Back in 2000 before our first Quest race – now there’s a wildlife encounter that will always seem like it happened just yesterday. At the time we were staying up on Murphy Dome, just 20 miles southwest of Fairbanks. We helped a retired military veteran, Rich Doran build a cabin up in the area the previous summer. He was kind enough to let us stay there to train, and he also helped grubstake our first Quest. The trails were perfect there at over 2,000 ft; the highest area around Fairbanks, offering numerous areas to explore. Glancing to the south that afternoon I watched the evening sun lay down to sleep behind Denali’s enormous shoulders. I was a few minutes outside of the homestead with the pooches. We were returning from a ‘fun-run’, a short ten-mile jaunt around the hood. The Quest was just 2 days away. If only we knew then what lay waiting just 2 minutes ahead! “Gee Marcellus, good girl Junie – let’s go home.” As usual we were flying, coming down the homestretch. Suddenly, all the dog’s ears sprang up, heads veering instinctively to the left. “What the …..?!” An enormous amount of brown fur was hurtling itself not at the pack of beasts but at the waxen-faced greenhorn standing on the back of the sled. The animal’s eyes were huge, red glowing orbs in the headlamp’s beam and they looked pissed. Miraculously, I somehow flung myself into a snowbank alongside the trails edge. “Now what you gonna do my lil’ moose friend?” This 1,200 pound moose with lethal weapons consisting of hooves could tear apart my dog team in seconds. Fearing for the team’s safety, I yelled out to my leaders, “Alright boy, c’mon Marcellus, go home!” Only problem was I wasn’t the one on the runners. The moose would be in charge of steering the sled this time around. Boom! In a frenzy, the dog team scrambled for home pulling a bit more weight this time as well. In an instant ‘bullwinkle’ had flipped over on his back and ended up on top of the sled. Bewildered to say the least, it’s glaring eyes were staring back towards me. The team was now carrying our deranged friend on down the hill towards home – a ride I’m sure this gangly legged moose will never forget. Fortunately on the 1st sharp turn, the sled flipped on its side releasing our behemoth neighbor back into the wilds. Moments later the dogs were safely back at Rich’s. The following evening we’d be up until the wee morning hours repairing and putting our Percy Dyke sled back together just hours before the Yukon Quest was to begin.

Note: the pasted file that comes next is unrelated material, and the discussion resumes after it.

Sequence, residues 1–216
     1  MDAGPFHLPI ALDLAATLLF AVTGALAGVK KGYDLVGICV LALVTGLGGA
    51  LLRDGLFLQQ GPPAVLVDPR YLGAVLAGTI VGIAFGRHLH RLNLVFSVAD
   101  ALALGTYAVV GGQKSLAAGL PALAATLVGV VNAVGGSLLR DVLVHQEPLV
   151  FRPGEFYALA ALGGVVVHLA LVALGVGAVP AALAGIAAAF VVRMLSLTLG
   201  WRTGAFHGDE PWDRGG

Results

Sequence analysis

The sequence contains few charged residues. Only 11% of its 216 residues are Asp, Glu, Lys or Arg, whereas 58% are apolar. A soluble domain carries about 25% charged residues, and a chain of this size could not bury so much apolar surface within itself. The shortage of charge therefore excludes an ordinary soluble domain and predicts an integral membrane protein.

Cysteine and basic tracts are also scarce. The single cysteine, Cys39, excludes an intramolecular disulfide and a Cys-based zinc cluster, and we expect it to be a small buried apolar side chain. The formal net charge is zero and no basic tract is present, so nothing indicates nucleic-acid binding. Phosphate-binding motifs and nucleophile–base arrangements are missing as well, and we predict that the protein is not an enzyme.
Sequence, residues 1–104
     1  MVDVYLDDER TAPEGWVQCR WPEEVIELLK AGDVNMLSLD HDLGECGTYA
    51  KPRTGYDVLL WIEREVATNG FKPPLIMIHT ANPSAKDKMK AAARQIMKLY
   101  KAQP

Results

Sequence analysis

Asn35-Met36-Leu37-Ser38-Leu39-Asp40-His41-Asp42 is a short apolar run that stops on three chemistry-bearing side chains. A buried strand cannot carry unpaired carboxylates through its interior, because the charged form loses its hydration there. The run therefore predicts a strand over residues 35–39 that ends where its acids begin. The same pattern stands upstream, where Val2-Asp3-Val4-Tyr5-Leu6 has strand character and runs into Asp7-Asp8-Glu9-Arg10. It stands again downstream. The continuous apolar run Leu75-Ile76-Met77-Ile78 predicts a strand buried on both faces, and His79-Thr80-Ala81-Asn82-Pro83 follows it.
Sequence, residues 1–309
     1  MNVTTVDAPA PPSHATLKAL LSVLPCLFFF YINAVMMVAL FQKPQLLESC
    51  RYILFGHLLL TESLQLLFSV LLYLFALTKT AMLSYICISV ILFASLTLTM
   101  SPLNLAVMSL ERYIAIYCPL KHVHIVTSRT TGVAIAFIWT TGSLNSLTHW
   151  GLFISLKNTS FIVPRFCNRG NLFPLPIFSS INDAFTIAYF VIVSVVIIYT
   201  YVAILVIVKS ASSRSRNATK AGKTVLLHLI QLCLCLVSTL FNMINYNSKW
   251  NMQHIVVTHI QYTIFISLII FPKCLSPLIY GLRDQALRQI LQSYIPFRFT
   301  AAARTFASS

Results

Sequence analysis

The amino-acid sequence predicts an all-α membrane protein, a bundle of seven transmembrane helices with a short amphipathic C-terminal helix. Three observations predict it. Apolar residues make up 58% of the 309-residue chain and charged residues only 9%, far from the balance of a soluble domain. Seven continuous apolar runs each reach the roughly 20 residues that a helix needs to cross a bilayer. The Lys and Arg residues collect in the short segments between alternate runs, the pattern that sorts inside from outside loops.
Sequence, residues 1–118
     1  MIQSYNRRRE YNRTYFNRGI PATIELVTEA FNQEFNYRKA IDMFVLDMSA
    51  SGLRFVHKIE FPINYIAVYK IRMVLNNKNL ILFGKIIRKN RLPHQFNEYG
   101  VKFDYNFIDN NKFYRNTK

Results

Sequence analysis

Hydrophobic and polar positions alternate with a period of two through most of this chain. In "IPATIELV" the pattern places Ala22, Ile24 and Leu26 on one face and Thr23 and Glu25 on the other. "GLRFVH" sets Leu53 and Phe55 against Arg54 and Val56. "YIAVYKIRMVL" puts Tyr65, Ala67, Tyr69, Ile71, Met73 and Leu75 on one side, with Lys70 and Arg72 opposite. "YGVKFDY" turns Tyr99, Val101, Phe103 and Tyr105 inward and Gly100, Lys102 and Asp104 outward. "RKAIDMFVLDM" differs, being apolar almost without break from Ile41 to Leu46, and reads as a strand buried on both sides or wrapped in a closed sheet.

Looking ahead, I’m sure there’ll be numerous other encounters for us to investigate and explore along the way. Life in the Northland is always intriguing, often intimidating, and highly demanding; yet on a whole, incredibly amazing. It’s a treasured existence we and our beloved beasts are able to share, traveling through this exotic country in search of what defines who we truly are. Hope to see you on down the trail….